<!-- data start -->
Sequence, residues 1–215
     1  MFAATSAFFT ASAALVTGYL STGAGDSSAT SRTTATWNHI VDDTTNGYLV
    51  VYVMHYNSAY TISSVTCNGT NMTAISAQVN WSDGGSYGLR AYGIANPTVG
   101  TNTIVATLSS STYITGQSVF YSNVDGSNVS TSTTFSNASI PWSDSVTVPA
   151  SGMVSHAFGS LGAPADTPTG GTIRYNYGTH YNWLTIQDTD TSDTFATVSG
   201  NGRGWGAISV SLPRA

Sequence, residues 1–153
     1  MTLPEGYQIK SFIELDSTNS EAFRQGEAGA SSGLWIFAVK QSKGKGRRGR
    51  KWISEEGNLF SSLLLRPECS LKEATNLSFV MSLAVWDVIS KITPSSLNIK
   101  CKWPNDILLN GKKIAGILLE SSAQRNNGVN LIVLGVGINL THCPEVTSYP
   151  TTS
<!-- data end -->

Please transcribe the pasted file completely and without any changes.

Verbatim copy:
Sequence, residues 1–215
     1  MFAATSAFFT ASAALVTGYL STGAGDSSAT SRTTATWNHI VDDTTNGYLV
    51  VYVMHYNSAY TISSVTCNGT NMTAISAQVN WSDGGSYGLR AYGIANPTVG
   101  TNTIVATLSS STYITGQSVF YSNVDGSNVS TSTTFSNASI PWSDSVTVPA
   151  SGMVSHAFGS LGAPADTPTG GTIRYNYGTH YNWLTIQDTD TSDTFATVSG
   201  NGRGWGAISV SLPRA

Sequence, residues 1–153
     1  MTLPEGYQIK SFIELDSTNS EAFRQGEAGA SSGLWIFAVK QSKGKGRRGR
    51  KWISEEGNLF SSLLLRPECS LKEATNLSFV MSLAVWDVIS KITPSSLNIK
   101  CKWPNDILLN GKKIAGILLE SSAQRNNGVN LIVLGVGINL THCPEVTSYP
   151  TTS